Putting Subprime Mortgages in Perspective
The economic repercussions of the housing bust and mortgage woes are limited to a great extent because fewer than half of American families own a home with a mortgage. Almost a third of all families rent their house or apartment, almost a fourth own and have no mortgage and the vast majority with a mortgage are current in their payments. Even with about a tenth of all subprime mortgages now in foreclosure, only a small share of all American families -- about 0.3% -- own a home in foreclosure, he said.
It's true: 55.5% of American households either rent their home or apartment (32%), or own a home with no mortgage (23.5%), see chart above. Then add in the 34.5% of homeowners with a prime mortgage, and the 4.2% of homeowners with a FHA or VA mortgage, and you've got more than 94% of American households who are NOT subprime borrowers, and fewer than 6% who are subprime borrowers. And the subprime fixed-rate mortgages are not really a problem, it's only the subprime adjustable mortgages that are having problems with delinquencies and foreclosures.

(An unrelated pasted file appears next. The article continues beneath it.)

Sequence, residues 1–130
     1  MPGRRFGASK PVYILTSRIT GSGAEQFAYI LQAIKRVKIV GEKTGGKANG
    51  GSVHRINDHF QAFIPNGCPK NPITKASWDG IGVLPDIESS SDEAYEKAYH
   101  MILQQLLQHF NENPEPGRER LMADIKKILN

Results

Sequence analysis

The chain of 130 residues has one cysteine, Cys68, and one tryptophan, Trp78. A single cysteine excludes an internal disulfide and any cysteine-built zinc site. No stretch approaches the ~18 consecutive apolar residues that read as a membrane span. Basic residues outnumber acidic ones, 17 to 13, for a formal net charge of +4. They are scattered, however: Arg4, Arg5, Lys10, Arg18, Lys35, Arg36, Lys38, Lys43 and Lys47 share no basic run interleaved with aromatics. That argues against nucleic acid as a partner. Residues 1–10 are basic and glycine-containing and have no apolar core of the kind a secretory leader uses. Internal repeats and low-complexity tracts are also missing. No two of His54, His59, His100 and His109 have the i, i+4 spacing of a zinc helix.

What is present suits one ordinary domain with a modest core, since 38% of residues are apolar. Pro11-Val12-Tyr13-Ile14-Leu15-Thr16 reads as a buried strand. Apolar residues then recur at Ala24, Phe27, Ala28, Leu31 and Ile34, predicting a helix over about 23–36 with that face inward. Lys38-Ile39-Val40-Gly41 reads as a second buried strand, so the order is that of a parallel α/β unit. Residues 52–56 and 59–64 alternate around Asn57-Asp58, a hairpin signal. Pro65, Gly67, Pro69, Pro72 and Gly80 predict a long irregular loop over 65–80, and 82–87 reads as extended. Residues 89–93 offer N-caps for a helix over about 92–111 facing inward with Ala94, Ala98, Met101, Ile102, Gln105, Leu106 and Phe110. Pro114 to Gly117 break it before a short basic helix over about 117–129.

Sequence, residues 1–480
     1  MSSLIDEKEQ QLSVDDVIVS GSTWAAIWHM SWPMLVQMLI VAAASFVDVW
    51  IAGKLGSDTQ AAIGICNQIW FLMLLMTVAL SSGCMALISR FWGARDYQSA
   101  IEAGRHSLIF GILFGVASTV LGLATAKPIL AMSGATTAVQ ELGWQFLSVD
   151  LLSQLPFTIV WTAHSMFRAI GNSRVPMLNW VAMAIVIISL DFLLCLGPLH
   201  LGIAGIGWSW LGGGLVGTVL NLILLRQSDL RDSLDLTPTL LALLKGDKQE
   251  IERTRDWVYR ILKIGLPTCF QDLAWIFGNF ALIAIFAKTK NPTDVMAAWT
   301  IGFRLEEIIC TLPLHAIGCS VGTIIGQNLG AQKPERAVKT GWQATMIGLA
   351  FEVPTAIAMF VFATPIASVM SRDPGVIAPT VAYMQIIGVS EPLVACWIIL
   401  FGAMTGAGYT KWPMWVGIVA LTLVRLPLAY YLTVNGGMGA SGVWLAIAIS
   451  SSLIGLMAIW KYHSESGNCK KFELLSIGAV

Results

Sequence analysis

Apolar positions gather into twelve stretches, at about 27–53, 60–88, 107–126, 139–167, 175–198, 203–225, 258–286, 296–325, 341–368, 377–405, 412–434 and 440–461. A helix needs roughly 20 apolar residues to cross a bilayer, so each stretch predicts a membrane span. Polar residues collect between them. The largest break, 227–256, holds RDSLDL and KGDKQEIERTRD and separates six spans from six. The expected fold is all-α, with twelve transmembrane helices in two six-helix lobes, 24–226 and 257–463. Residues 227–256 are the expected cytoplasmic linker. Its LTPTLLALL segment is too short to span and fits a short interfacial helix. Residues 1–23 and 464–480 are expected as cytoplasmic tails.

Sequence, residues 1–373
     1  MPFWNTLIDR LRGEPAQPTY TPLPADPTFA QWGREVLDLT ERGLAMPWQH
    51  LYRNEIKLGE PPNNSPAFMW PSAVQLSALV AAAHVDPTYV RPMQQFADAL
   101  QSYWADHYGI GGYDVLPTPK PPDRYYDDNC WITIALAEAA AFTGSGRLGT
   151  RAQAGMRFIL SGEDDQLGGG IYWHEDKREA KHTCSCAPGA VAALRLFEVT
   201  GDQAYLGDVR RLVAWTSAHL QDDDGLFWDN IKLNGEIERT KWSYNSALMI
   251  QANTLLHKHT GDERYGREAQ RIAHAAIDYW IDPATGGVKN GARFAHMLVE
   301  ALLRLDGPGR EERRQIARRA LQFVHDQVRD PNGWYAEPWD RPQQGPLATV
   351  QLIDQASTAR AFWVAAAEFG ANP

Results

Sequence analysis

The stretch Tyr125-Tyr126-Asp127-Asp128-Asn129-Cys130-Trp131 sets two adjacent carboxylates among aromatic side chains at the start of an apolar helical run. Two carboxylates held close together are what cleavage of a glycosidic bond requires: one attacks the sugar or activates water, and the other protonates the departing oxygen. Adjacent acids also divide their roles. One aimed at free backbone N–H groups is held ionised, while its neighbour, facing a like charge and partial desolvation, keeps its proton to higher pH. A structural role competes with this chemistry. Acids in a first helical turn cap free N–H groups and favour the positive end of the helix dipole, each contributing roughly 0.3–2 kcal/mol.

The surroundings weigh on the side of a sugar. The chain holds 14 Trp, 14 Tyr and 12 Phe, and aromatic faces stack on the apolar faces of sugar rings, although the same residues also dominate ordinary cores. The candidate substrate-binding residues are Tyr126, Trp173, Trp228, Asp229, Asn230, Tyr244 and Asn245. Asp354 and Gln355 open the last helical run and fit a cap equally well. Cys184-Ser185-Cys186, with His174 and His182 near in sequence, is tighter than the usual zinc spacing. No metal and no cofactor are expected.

Then consider that according to the Mortgage Bankers Association, the percentage of loans in the foreclosure process was 1.69% of all loans outstanding at the end of the third quarter 2007 (both subprime and prime). But because only 44.4% of all homes have a mortgages, that means that only about .75% of all American household own a home in foreclosure.
(HT: Marginal Revolution)